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All the hiking gear is getting more and more lightweight and hi-tech... but vacuum flasks haven't changed much for the last fifty years, they're still extremely heavy pieces of steel! One litre bottle weighs 600-700 grams...

Generally I try to avoid using vacuum flasks, but there're some conditions when they're indispensable (winter hiking in restricted NP where you can't use any kind of stove, for example).

Using an insulated bottle (not a vacuum flask) is not enough; in fact, sometimes even the vacuum flasks get cold(-ish) by the end of a long winter day in the mountains!

I tried using flameless heaters but their temperature drops down significantly in winter (on one trip in balmy 32F/0C a heater made my tea just barely lukewarm!)

Is there any better/lighter way to carry hot liquids on such trips?

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  • Is a carrying a very light-weight burner, e.g. for Esbit tablets, an option? – phipsgabler Feb 9 at 13:06
  • Nope @phipsgabler, because in such national parks any kind of flame is strictly forbidden... Moreover, even when I'm in a place where I can use a stove, there's cold+wind+no time to stop and wait for the water to heat/boil... I'm talking about day hiking, not sleeping overnight, in that case you can usually find a way/time to cook. – Alexander Feb 9 at 14:02
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    50 years ago vacuum flasks were almost always glass instead of steel (2 layers of glass containing the vacuum, inside a protective housing). They were a little lighter if the housing was plastic but much more fragile. – Chris H Feb 9 at 14:57
  • Ha @ChrisH that's right :) I remember those flasks actually... maybe if I can find an old one, that would be a solution?! – Alexander Feb 10 at 12:16
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    "winter hiking in restricted NP where you can't use any kind of stove, for example" - I find this claim hard to believe. Even in "extreme" fire danger danger situations backpacking stoves are permitted in parks that I know of, and I could not find a park with such a restriction. Can you let me know what parks you are dealing with where said restrictions exist? – whatsisname Feb 11 at 2:39
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A smaller flask is of course lighter, but loses heat faster and holds less. Your whole drink strategy needs to be considered.

A litre is a lot though, unless sharing - there's plenty of choice of 500-600ml flasks; one I found easily weighs 300g (compared to 530g for their lightweight 1l model. Thermos, the brand I've linked, has been in the business a long time (since the vacuum part was always silvered glass, visible on the inside) and is synonymous with vacuum flasks in the UK. I wouldn't go smaller than about 500ml as the hold time tends to be too short.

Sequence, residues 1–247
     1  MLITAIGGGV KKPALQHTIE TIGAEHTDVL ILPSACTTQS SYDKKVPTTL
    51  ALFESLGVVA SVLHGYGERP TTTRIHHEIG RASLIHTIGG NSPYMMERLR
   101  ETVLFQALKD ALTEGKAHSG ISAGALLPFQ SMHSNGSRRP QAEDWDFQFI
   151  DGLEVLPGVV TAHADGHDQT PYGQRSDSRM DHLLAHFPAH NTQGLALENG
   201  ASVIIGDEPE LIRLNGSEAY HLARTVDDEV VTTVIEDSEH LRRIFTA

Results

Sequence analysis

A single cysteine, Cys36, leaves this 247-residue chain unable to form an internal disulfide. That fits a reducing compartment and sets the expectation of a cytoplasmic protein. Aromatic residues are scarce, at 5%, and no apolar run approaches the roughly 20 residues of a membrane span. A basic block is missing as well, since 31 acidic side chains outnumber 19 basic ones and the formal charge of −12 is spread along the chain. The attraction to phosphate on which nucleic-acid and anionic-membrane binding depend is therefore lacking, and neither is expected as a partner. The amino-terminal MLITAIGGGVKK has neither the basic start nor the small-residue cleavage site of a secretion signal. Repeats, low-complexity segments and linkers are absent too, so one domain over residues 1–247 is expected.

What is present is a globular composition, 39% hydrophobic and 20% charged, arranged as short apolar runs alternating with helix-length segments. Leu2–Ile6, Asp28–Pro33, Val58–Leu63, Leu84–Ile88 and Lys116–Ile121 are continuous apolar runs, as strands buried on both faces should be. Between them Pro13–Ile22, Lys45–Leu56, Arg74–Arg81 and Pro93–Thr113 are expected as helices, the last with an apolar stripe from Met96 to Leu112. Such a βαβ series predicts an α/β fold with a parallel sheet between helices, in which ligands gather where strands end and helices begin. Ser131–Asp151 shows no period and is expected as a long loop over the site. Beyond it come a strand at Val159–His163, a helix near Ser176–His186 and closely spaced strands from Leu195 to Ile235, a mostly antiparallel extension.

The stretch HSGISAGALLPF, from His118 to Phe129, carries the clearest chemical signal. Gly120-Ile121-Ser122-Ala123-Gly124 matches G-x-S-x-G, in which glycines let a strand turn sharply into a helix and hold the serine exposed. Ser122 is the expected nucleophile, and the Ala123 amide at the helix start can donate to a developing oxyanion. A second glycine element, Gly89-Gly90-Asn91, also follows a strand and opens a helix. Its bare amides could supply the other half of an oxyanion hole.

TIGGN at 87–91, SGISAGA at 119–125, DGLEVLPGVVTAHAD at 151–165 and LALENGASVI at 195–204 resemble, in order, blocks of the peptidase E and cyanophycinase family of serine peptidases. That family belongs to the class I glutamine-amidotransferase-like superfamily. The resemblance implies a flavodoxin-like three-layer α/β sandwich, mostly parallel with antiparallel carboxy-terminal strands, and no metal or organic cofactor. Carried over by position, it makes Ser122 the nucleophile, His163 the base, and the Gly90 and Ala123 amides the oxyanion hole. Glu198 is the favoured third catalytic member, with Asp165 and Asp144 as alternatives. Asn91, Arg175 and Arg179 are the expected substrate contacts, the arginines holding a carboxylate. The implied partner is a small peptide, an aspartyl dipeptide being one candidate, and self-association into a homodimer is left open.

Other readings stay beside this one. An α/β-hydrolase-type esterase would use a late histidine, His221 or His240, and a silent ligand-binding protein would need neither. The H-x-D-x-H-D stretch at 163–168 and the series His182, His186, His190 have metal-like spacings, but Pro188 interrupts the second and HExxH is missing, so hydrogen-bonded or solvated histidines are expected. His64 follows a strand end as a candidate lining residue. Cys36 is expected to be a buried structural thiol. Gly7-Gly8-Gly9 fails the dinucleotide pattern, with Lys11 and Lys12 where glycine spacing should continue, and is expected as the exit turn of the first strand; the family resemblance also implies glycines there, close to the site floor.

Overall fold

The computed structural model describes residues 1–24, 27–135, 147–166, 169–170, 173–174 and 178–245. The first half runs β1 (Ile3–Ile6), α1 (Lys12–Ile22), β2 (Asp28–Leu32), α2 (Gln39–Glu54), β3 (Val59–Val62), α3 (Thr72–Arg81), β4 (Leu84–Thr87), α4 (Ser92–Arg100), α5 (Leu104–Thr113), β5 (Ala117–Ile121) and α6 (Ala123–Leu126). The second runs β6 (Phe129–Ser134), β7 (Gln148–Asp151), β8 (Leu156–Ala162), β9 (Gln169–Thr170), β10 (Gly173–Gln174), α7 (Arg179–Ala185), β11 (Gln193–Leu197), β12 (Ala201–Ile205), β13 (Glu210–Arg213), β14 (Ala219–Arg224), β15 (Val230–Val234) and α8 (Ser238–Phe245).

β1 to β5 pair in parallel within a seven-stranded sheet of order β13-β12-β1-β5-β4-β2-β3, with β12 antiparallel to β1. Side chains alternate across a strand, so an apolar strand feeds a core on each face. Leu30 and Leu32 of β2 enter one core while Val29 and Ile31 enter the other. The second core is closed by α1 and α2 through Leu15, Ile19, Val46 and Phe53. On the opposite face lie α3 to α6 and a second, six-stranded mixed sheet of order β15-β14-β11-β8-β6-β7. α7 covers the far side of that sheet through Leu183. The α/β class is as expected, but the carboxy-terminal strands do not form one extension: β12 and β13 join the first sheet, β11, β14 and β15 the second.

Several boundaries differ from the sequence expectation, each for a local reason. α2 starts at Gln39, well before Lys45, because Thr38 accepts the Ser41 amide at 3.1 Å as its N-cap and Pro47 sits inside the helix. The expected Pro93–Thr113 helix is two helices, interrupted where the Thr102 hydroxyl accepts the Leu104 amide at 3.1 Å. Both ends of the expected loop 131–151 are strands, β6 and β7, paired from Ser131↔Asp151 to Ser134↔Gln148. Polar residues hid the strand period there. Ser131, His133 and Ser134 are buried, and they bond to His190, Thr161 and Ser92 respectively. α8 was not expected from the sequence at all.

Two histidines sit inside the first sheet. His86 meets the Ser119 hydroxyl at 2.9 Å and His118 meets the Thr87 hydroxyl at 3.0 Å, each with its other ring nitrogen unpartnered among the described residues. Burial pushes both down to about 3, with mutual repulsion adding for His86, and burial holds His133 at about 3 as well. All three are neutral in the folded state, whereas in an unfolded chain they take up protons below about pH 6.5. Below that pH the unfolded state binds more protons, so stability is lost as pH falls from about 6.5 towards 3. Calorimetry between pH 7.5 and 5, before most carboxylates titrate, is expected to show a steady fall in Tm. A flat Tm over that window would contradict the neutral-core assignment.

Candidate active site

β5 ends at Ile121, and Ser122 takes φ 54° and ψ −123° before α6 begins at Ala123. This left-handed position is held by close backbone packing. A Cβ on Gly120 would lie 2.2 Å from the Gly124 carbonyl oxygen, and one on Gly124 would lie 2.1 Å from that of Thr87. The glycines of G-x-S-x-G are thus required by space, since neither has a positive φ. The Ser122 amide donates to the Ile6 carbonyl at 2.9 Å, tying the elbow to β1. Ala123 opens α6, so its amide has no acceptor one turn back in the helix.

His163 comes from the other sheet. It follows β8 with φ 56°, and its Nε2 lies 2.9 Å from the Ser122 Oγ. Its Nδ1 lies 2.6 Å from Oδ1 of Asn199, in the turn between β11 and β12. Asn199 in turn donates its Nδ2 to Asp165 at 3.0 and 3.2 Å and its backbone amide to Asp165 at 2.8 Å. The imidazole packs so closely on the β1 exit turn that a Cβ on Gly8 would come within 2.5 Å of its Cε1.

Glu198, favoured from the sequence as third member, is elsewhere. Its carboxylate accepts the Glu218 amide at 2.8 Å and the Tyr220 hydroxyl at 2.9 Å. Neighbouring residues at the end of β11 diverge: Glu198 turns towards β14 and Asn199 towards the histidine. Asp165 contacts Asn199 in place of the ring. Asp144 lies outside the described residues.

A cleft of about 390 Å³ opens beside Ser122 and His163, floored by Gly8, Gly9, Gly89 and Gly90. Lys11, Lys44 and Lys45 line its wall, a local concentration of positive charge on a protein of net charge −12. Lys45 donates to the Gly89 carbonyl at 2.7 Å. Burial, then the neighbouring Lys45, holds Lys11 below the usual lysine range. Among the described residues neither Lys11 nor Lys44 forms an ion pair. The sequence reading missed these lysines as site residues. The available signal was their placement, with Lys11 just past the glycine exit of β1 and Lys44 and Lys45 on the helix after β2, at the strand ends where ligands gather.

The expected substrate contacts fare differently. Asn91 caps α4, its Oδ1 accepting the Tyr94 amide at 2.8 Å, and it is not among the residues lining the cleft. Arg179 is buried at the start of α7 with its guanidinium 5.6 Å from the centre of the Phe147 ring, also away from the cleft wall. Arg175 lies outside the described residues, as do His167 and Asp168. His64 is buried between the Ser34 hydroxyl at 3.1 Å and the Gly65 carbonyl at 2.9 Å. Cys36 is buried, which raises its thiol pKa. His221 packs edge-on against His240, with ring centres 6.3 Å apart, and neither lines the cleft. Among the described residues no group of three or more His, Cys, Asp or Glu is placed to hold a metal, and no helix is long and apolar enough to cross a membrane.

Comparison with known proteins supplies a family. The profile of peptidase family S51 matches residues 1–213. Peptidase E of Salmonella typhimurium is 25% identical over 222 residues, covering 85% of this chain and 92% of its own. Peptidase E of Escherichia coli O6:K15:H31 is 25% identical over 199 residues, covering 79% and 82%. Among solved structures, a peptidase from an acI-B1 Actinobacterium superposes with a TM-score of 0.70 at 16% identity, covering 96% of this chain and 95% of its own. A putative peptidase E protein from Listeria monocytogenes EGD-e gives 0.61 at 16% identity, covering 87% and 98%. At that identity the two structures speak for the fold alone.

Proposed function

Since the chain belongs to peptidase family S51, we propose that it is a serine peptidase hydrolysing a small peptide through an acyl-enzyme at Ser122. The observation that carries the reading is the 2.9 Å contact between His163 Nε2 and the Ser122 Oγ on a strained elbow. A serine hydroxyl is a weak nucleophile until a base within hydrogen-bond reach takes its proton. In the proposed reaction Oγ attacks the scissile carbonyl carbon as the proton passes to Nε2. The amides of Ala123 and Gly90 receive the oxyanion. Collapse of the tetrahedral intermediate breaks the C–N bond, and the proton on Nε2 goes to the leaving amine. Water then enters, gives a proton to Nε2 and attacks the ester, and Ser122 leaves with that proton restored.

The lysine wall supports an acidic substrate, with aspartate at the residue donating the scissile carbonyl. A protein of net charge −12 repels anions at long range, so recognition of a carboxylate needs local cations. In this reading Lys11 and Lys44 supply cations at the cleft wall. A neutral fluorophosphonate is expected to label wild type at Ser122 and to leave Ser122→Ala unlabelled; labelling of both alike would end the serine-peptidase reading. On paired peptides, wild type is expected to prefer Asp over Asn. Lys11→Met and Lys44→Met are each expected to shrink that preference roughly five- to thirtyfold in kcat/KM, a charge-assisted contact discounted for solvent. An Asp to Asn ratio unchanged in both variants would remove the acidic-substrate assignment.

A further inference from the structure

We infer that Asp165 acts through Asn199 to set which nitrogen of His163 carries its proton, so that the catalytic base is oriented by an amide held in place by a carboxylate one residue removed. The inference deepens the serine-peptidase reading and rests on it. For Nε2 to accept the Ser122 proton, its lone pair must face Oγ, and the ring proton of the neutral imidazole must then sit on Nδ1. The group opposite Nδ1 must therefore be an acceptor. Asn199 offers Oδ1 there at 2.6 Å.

The main loss is at the lid, which is merely insulated. A better quality flask will hold heat better (and may weigh a little less overall). The best lids I've found are those that allow you to unscrew slightly to pour, using all their volume for insulation. I would avoid those with a clever mechanism that traps the dregs of your drink in an inaccessible volume. This means less insulation and also, having opened one up destructively, I never want to drink from anything so filthy again. Regardless of the lid design, supplementing the insulation in this area (wrap it in spare clothing, use an insulated pouch, etc.) will help a bit.

The smaller the flask, the more important it is to preheat it well when you fill it (the surface area to volume ratio is worse, and the steel is the same thickness, so each drop of your drink is heating more steel).

The other important heat loss is opening the flask, letting out hot drink/air/steam and replacing it with cold air. Waiting as long as possible for the first drink helps here. If you're in a group, share out one flask at each stop, keeping the others closed. I'll sometimes save mine until we're nearly done, a habit from winter kayaking when a hot drink borders on being emergency kit if someone gets wet and cold.

Hiking I might be tempted to carry a tiny stove (you could do better than this 60g one I made) for actual emergencies, combined with a smaller flask (and a water bottle, possibly insulated), or, if you drive to your hike, leave a big flask in the car for the end - something else I've done when kayaking.

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  • What does this bit mean? This means less insulation and also, having op in proportion ened one up destructively, I think autocorrect has come to your "rescue" and made some words not be the right ones. Possibly along the lines of "opened one up destructively"? – bob1 Feb 9 at 19:48
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    @bob1 thanks, I'll fix it in a minute when I've got the PC on. Your interpretation is right but I can't blame autocorrect here - I've inserted " in proportion " in the middle of "opened" instead of where it was meant to go – Chris H Feb 9 at 20:03

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